“A dollar saved is better than a dollar earned” is an adage financial advisors often use when explaining the concept of building wealth over time. It’s a simple idea on a personal level; if I save and invest more of my income today, I will have a larger nest egg in the future. But the application of this concept to a company operating in the modern forest products industry is not so simple; a number of additional factors affect these businesses and their long-term profitability.
Opportunities for improvement (and saving money) exist at every level of the forest supply chain. Most wood-consuming procurement managers and their teams have already taken advantage of obvious cost savings by eliminating high-cost sources of fiber, low-quality sources of fiber and sources with high freight costs. But where can they look after picking this low-hanging fruit? What questions do these managers need to ask themselves to identify new savings opportunities and, most importantly, what are the long-term implications of sustained supply chain savings?
Some of the more difficult questions at the next level of analysis might include:
- How does my raw material procurement system differ from the best performers in my peer group?
- Are there places where I outperform the market? Underperform the market?
- Can I avoid spot market purchases and lower my costs?
- Am I focusing my procurement targets in the lowest-cost areas of my procurement zone?
For argument’s sake, let’s assume that a hypothetical forest products company—ABC Wood Products—already has a good handle on its own data and supply chain costs, and it is actively using Forest2Market’s transaction market data to understand its position in the larger market. While these cost savings improve current performance and profitability driven by the procurement team, how can these savings extend across the entire organization and impact ABC Wood Products’ total value?
Calculating Enterprise Value
Enterprise value (EV) is a measure of a company's total value1, and it is also representative of the theoretical acquisition price of a company. To purchase a company outright, a buyer would have to assume the acquired company's debts but it would also receive all of the acquired company's cash. Acquiring the debt increases the cost to buy the company; acquiring the cash not only reduces the cost of acquiring the company, but boosts shareholder value.
How does one arrive at a reliable EV? Noted business publication Inc. writes that a good starting place to determine this value is earnings before interest, taxes, depreciation and amortization (EBITDA). This number is a pretty reliable representation of a company’s profitability and the ability to pay off its debt. "It's a quick and dirty way to assess the firm's ability to pay back interest or debts," says Gil Sadka, assistant professor of accounting at Columbia Business School. Sadka says EBITDA is a "quasi-estimate" of free cash flow (FCF), which is “a more traditional and comprehensive assessment of a company's performance.”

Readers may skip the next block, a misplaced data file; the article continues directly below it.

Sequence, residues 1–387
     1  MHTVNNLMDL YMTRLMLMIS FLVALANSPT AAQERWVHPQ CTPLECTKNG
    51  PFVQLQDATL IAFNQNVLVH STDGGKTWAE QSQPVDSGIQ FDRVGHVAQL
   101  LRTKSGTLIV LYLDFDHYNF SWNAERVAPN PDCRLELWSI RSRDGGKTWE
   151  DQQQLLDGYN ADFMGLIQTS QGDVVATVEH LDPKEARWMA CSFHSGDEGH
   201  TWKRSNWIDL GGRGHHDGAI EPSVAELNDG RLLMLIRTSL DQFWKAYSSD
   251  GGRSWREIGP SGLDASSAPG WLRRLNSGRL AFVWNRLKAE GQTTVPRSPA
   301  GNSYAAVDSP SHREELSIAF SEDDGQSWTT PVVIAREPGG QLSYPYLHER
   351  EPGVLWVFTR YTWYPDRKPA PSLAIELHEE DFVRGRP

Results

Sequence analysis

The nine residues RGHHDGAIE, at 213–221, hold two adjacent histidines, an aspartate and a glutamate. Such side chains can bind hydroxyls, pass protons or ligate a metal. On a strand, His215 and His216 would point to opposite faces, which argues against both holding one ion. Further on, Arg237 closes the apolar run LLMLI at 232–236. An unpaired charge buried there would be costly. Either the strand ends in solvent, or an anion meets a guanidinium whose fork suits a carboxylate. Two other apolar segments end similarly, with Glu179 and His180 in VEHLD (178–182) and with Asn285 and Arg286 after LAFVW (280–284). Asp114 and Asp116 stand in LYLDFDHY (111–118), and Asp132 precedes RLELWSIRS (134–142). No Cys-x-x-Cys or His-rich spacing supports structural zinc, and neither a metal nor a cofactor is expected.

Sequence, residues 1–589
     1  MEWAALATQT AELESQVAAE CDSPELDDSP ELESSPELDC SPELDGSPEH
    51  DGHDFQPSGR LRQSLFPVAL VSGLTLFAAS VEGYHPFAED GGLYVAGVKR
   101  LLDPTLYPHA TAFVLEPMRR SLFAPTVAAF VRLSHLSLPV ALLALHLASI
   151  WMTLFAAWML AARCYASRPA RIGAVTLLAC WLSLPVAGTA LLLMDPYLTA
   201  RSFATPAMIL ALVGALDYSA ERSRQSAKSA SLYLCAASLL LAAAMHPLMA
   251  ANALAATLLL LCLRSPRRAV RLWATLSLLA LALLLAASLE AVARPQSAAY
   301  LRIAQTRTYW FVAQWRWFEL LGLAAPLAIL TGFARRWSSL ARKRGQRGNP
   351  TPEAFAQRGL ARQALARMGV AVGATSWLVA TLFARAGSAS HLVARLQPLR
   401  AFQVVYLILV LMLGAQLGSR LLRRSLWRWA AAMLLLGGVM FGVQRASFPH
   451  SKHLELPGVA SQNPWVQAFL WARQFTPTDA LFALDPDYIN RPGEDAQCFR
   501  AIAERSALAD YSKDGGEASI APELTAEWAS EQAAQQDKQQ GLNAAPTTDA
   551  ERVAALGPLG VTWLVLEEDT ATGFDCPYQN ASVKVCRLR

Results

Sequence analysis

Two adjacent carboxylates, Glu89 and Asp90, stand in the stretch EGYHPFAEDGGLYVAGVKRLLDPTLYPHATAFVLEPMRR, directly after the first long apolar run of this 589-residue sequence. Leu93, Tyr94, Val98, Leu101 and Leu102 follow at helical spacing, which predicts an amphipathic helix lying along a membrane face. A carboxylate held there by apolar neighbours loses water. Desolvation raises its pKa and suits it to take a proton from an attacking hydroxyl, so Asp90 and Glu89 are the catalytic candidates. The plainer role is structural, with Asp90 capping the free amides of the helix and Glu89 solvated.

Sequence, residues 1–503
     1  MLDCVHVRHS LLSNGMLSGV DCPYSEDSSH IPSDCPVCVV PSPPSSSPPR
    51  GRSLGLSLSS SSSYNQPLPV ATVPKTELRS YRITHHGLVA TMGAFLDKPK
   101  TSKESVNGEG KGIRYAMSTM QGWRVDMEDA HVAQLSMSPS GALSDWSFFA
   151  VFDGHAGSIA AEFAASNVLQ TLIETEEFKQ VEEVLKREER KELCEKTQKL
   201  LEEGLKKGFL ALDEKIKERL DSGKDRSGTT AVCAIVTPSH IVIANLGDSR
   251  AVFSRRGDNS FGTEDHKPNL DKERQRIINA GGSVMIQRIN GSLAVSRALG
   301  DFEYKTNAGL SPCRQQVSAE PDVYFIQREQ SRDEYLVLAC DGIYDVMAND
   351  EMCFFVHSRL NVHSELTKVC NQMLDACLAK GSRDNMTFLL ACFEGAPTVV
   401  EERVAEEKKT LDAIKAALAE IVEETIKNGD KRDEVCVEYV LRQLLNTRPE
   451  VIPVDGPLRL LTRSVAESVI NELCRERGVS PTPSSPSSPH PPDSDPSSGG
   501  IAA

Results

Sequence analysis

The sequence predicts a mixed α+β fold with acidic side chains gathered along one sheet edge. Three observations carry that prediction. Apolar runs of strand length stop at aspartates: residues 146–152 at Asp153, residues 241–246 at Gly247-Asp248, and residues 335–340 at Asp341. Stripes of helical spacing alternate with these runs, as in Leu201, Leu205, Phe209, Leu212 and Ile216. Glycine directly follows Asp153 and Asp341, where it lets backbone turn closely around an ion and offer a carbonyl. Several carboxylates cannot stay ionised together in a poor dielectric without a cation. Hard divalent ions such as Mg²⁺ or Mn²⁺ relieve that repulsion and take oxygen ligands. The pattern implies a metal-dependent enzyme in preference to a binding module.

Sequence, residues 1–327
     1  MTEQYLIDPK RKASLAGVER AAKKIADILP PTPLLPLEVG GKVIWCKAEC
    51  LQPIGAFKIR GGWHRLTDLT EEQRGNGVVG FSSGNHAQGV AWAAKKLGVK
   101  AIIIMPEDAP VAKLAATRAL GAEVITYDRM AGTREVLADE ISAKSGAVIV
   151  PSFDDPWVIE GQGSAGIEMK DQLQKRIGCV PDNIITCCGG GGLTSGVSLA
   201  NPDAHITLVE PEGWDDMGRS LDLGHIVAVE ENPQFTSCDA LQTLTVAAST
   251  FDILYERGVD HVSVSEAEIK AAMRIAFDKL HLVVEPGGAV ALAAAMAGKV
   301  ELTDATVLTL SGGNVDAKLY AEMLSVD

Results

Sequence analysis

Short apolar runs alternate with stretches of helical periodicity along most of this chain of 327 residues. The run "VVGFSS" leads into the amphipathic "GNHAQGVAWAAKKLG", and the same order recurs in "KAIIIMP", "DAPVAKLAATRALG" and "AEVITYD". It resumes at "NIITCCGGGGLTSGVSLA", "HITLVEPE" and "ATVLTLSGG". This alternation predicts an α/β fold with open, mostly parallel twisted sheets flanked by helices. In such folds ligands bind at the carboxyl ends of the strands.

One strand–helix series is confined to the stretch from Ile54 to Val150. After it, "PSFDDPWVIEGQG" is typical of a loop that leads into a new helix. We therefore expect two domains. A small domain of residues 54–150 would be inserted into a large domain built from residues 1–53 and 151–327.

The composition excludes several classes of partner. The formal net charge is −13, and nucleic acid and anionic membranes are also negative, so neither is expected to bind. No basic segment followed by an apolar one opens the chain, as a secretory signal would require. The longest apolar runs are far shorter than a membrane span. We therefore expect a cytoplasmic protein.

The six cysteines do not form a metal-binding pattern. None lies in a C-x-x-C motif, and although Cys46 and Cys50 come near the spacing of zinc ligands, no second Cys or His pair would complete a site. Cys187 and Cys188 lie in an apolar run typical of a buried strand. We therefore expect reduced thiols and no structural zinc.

Though the multipliers can vary, publicly-traded companies typically sell for 7-12 times EBITDA, which is also one of the reasons why large corporations can acquire smaller business and promptly revalue them at a higher price. How does this relate to supply chain and profitability improvements for a wood products manufacturer?
To further illustrate these impacts in the case of ABC Wood Products, remember that a dollar saved is better than a dollar earned:
- ABC Wood Products is publicly-traded with an EBITDA of $100 million and annual wood purchases of 1.5 million tons.
- By implementing Forest2Market’s Supply Chain Optimization program, ABC is able to realize an annual wood cost savings of $.50/ton, or $750,000 annually.
- By using the standard multiplier for companies of a comparable size (10 x EBITDA), this annual savings of $750,000 adds $7.5 million to the value of the business and proportionally affects the per share price.
In the example case of ABC Wood Products, actively reducing the company’s supply chain costs boosted the company’s savings, bottom line and EBITDA, and increased the enterprise value of the company. The $0.50 per ton savings in the example above is actually worth $7.5 million in enterprise value! Every dollar saved goes directly to the bottom line and extends to the company’s total value.
This process can be implemented with smaller private companies in the same way, creating an advantaged position in a highly competitive market. Just like the example case of ABC Wood Products, the supply chain savings can equate to a real boost to the bottom line and, by extension, a stronger EV.
 EV is calculated as the market capitalization plus debt, minority interest and preferred shares, minus total cash and cash equivalents.